In the show, the dark wooden models for the dome, apse and lantern attributed to Brunelleschi don’t fully reveal the cleverly complicated system he devised. (The dome is a double shell with eight visible, umbrella-like ribs filled in by a whorled pattern of bricks.) But, like finely crafted pieces of antique furniture, the gorgeous models do give a clear sense of just how important the job was.
Originally painted, the wooden model for the dome was damaged in 1966 when the Arno River overflowed its banks in a ruinous flood. Paradoxically, the otherwise tragic loss of color emphasizes the form’s harmonious geometries.
Nothing by Ghiberti is here, but the show opens with the influence that his brilliant reliefs for the Baptistry doors had on sweeping aside the remnants of Medieval Gothic style in Renaissance Italy. Three replicas of those reliefs are juxtaposed with limestone carvings by an unknown sculptor, made for a far-off church in a small provincial town.
The limestone carvings are in poor condition. Some figures are virtually lifted from Ghiberti, though, such as a man with a small monkey on his shoulder — an evil omen, lurking behind the Three Wise Men who have come to adore the infant Jesus.
Donatello’s competitive spirit is the exhibition’s focal point, manifest in the stunning juxtaposition of two monumental seated sculptures.
Each is nearly 7 feet tall, carved in Carrara marble for the Florence Cathedral façade. Ten feet off the ground, flanking the entry portal, elevated niches would hold Nanni di Banco’s “St. Luke the Evangelist” on the left and Donatello’s “St. John the Evangelist” on the right.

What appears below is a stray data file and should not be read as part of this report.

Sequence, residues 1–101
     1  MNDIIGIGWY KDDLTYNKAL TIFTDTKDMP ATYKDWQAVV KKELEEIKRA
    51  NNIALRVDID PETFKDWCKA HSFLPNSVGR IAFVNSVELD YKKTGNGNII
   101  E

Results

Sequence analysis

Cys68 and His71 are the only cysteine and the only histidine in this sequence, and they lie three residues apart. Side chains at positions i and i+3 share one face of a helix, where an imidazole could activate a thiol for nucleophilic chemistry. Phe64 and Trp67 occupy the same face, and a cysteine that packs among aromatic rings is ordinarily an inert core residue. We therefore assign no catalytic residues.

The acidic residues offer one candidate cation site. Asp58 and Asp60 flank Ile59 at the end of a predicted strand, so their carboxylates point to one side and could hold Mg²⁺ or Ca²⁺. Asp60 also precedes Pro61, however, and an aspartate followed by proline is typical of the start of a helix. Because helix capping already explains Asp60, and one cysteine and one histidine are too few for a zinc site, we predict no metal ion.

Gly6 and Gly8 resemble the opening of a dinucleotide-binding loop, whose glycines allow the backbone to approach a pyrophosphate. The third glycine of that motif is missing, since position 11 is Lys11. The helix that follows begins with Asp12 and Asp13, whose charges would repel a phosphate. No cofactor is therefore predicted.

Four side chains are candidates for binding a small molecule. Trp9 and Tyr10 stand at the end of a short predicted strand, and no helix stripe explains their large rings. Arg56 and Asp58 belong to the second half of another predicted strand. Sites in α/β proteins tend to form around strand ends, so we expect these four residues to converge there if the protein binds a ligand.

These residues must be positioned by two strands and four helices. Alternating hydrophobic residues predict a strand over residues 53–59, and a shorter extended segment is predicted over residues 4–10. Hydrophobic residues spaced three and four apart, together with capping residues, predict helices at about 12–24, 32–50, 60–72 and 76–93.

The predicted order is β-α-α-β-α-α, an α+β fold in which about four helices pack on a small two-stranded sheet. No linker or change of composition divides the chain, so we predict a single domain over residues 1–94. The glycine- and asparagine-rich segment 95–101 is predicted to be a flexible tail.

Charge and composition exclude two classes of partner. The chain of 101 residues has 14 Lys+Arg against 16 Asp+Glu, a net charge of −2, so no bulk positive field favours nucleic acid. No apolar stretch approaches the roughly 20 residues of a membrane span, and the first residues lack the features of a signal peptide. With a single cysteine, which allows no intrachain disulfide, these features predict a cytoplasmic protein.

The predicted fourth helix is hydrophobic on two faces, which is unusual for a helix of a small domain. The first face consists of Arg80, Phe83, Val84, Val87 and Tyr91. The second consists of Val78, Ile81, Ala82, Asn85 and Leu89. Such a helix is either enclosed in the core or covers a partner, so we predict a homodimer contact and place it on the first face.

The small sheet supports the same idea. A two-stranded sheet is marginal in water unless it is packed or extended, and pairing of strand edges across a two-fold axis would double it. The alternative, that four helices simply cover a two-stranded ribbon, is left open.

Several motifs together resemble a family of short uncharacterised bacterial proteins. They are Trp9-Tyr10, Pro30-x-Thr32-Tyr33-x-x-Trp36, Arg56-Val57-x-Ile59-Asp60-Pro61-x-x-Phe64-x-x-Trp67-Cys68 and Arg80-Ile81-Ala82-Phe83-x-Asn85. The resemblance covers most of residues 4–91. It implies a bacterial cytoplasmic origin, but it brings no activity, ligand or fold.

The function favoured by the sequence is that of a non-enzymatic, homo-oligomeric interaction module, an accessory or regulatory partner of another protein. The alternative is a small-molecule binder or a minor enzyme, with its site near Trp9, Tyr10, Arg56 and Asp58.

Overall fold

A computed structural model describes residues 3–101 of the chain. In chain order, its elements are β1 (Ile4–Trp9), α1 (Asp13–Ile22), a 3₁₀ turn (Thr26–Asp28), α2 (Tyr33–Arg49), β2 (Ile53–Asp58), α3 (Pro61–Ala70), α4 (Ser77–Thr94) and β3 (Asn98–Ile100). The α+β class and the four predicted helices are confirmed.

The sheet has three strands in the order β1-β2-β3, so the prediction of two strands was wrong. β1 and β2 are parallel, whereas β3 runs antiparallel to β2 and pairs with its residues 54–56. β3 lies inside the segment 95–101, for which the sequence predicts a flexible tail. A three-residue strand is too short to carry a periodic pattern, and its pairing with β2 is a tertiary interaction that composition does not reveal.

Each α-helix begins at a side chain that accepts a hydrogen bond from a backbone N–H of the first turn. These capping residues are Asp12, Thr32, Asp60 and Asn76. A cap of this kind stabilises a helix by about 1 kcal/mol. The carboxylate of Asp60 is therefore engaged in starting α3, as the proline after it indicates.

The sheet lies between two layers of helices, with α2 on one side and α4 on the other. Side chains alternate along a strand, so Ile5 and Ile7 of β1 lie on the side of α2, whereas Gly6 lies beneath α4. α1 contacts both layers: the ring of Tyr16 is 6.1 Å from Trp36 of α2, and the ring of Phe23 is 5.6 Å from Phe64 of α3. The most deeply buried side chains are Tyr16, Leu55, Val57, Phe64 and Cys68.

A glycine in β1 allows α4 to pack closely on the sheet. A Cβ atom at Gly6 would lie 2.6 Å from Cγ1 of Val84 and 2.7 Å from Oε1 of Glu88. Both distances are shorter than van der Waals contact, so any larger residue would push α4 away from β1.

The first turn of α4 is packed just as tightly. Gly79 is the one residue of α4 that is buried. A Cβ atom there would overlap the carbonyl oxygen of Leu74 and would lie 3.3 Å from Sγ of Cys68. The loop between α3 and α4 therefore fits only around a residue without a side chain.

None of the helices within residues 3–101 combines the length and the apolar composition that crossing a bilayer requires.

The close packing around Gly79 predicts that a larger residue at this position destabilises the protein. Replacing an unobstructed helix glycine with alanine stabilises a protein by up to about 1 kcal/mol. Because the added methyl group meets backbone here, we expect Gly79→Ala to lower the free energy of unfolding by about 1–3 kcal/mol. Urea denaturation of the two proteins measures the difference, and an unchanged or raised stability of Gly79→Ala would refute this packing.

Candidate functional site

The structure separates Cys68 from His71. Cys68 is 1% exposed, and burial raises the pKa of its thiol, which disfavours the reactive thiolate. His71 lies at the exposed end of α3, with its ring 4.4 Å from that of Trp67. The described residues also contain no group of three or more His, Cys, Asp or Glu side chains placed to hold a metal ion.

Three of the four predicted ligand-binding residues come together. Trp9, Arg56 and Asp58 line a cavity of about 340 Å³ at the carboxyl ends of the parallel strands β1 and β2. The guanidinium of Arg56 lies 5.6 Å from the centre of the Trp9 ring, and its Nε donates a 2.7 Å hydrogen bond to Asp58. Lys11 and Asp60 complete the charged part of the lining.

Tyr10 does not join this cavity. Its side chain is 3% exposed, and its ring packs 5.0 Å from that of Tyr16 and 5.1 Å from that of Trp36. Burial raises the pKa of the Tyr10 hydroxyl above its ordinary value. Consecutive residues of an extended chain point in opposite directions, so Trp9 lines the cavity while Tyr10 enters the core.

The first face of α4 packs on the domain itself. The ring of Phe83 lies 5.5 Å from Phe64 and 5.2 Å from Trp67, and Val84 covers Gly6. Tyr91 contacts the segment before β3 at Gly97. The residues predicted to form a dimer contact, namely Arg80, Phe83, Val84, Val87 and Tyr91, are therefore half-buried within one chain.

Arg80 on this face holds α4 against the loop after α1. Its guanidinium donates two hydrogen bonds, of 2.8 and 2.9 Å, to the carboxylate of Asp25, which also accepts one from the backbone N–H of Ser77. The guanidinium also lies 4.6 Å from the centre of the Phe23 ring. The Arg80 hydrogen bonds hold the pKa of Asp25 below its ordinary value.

The sculptors, together with Niccolò Lamberti, were competing for the final commission to carve the fourth evangelist for the façade. Being the author of two would have awarded the winning artist bragging rights — but none of them got the job.
Donatello especially was busy with several commissions, and the authorities were impatient for the cathedral project’s completion. They awarded the fourth evangelist to Bernardo Ciuffagni before the competitors had finished. Ciuffagni’s sculpture turned out to be dull.
Do yourself a favor: If you can, squat down in the gallery to get as low a vantage point as possible for seeing the two monumental sculptures. The museum shows them on raised pedestals, but there’s only so high that they can go. How Donatello’s sculpture bests Nanni’s quickly becomes clear.
Nanni gives us a handsome classical figure whose head, regally perched atop the poised hexagonal mass of the composition, is a fine adaptation of ancient Roman portraiture. Luke, a slight and benevolent smile crossing his lips, casts his eyes down at the faithful, who pass by on their way through the cathedral doors.
The depiction of the saint, patron of artists, sweeps across time. Pagan, Christian and contemporary history arrive at a zenith in one commanding sculpture.